There must be countless planets in our galaxy, let alone the universe, where these conditions exist. When I look at the Milky Way, I am reminded of a huge coral reef that could be teeming with life. Just because we haven't discovered the signs yet doesn't mean that they don't exist. For a start, any civilization that is advanced enough to generate enough interstellar noise to attract attention must quickly realize that to do so risks inviting the wrong kind of attention (babe in the woods). So there's probably a small window of time before that civilization learns not to broadcast its presence. If we look at every example that nature provides on this planet, this sems to be the case. A few life forms rule, most others hide. Why should the galactic "jungle" be any different?

The other thing to consider is the approach that we have chosen. The SETI/Phoenix project, however laudable, is more about a search for extraterrestrial astrophysicists than anything else. How many of our broadcasts are at the 21 cm "watering hole"? I suspect that the "I Love Lucy" approach would be much more fruitful. Focus on high traffic wavelengths where the signal density could be much greater.

My two cents worth...

kashi
2003-Oct-24, 11:59 PM
EagleUK, I would argue that the reason that some animals hide in the jungle, is because they have evolved to do so as a means for survival. It is likely the most extraterrestrial civilisation have not evolved in this way, as they probably havne't encountered life outside their planet.

kashi
2003-Oct-25, 12:10 AM
Great article Parker! Do you think that's the mystery of the origin of life solved?

Matthew
2003-Oct-25, 06:15 AM
I don't think the mystery of life has been solved yet Kashi. The article is dated 9/5/1990, if they had found the origin of life, would we be discussing the topic currently? But it does add a new dimension to the topic. 'Replicators' can exist.

kashi
2003-Oct-25, 09:13 AM
hmmm...I was thinking about this. These aminoesters (or whatever they're called) don't sound like they have the ability to "evolve", and become better, more sophisticated replicators. They would need to have an evolutionary capacity to be even considered as a potential origin of life.

Haglund
2003-Oct-25, 09:45 AM
Personally I think that science has come a little closer to the mystery of origin of life, but there is much to do still. I am sure we can understand how it might have happened, and not too far into the future either.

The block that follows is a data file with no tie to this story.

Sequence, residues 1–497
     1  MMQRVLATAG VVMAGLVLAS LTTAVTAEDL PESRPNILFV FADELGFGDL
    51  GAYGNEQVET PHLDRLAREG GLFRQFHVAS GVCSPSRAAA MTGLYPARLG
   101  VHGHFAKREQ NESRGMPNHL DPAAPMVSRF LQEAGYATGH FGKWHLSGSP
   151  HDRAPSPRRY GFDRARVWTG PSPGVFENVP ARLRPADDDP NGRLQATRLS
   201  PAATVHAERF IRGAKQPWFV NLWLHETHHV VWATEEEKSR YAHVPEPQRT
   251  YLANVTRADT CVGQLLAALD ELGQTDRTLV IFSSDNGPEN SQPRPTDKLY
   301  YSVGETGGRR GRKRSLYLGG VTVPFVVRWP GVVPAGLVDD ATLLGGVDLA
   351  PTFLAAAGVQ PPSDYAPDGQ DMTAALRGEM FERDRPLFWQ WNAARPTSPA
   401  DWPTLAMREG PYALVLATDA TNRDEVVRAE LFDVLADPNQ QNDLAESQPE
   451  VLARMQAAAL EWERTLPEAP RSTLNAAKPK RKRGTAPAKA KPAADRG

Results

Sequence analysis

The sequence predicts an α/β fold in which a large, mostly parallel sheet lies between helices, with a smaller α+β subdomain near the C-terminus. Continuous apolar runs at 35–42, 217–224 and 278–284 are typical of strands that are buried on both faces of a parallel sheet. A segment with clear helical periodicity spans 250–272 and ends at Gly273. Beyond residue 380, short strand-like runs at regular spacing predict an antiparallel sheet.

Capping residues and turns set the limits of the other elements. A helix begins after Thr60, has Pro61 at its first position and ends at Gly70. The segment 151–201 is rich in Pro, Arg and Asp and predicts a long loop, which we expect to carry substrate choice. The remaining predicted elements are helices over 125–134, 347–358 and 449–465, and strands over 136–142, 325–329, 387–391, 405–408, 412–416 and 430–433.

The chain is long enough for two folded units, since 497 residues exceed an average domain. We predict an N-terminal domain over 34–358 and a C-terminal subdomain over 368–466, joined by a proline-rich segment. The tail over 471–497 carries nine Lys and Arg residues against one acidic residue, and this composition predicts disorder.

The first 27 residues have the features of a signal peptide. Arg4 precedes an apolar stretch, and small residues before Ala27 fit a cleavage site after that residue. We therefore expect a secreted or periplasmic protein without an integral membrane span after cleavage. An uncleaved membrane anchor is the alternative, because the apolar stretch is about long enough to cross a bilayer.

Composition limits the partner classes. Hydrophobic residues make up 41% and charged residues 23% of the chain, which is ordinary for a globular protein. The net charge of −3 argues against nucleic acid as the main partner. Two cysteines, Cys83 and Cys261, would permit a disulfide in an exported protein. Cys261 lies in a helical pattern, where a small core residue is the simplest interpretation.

Matthew
2003-Oct-26, 03:43 AM
We may come up with a hundred possibilities of the formation of life on Earth. Which one is true? We may never know. Maybe life was never born here, but was brought here (maybe by aliens, maybe may a mere asteroid).

Haglund
2003-Oct-26, 09:31 AM
Originally posted by matthew@Oct 26 2003, 03:43 AM
We may come up with a hundred possibilities of the formation of life on Earth. Which one is true? We may never know. Maybe life was never born here, but was brought here (maybe by aliens, maybe may a mere asteroid).
True, it will be very difficult to actually say exactly how life arose on this planet, but I think that we can come really close to a good theory on how it happened in general, so to speak.

Foundalis
2003-Oct-26, 05:11 PM
There must be countless planets in our galaxy, let alone the universe, where these conditions exist. When I look at the Milky Way, I am reminded of a huge coral reef that could be teeming with life. Just because we haven't discovered the signs yet doesn't mean that they don't exist. For a start, any civilization that is advanced enough to generate enough interstellar noise to attract attention must quickly realize that to do so risks inviting the wrong kind of attention (babe in the woods). So there's probably a small window of time before that civilization learns not to broadcast its presence. If we look at every example that nature provides on this planet, this sems to be the case. A few life forms rule, most others hide. Why should the galactic "jungle" be any different?

Steve (EagleUK), here is a thought that seems unsettling to me.

First, even if there is only a small window of time before a civilization thinks it's better to keep quiet, the sheer number of civilizations implied by the analogy of a coral reef means that, statistically, we should be able to receive *some* signals, from those small windows. We ourselves, are prime examples that this can happen. On November 16, 1974, we broadcasted a message towards star cluster M13, some 25,000 light years away, in the constellation of Hercules. If a statistical sample of size one (i.e., "we") says anything, it is that this can at least happen -- the probability is nonzero.